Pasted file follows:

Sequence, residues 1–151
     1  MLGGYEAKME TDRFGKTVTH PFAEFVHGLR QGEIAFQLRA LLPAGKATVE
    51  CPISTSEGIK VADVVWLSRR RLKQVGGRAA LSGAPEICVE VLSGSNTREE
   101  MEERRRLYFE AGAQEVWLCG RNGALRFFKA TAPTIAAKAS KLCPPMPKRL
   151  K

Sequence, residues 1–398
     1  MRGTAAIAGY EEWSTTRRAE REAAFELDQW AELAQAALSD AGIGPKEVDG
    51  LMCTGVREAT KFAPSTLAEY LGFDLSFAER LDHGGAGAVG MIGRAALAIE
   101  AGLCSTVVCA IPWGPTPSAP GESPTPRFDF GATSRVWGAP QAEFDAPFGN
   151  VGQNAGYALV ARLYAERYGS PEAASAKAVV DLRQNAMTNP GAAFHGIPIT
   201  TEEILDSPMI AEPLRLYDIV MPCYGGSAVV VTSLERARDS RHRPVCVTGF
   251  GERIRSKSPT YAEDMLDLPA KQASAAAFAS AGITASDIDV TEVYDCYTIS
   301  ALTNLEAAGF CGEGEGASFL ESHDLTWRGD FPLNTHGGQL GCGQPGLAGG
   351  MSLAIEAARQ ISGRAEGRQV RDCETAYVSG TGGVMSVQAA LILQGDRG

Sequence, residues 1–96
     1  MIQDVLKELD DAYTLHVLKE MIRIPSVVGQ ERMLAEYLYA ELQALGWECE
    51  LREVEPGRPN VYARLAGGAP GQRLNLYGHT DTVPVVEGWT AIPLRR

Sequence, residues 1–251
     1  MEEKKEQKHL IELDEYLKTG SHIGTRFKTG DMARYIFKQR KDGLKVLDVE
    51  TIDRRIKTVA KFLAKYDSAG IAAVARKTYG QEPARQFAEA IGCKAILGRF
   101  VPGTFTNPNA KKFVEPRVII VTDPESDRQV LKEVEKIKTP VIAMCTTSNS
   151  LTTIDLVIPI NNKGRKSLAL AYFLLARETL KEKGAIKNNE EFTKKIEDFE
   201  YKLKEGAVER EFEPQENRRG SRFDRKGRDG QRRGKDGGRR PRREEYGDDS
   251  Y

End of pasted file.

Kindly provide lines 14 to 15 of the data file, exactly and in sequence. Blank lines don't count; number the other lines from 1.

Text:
   351  MSLAIEAARQ ISGRAEGRQV RDCETAYVSG TGGVMSVQAA LILQGDRG

Sequence, residues 1–96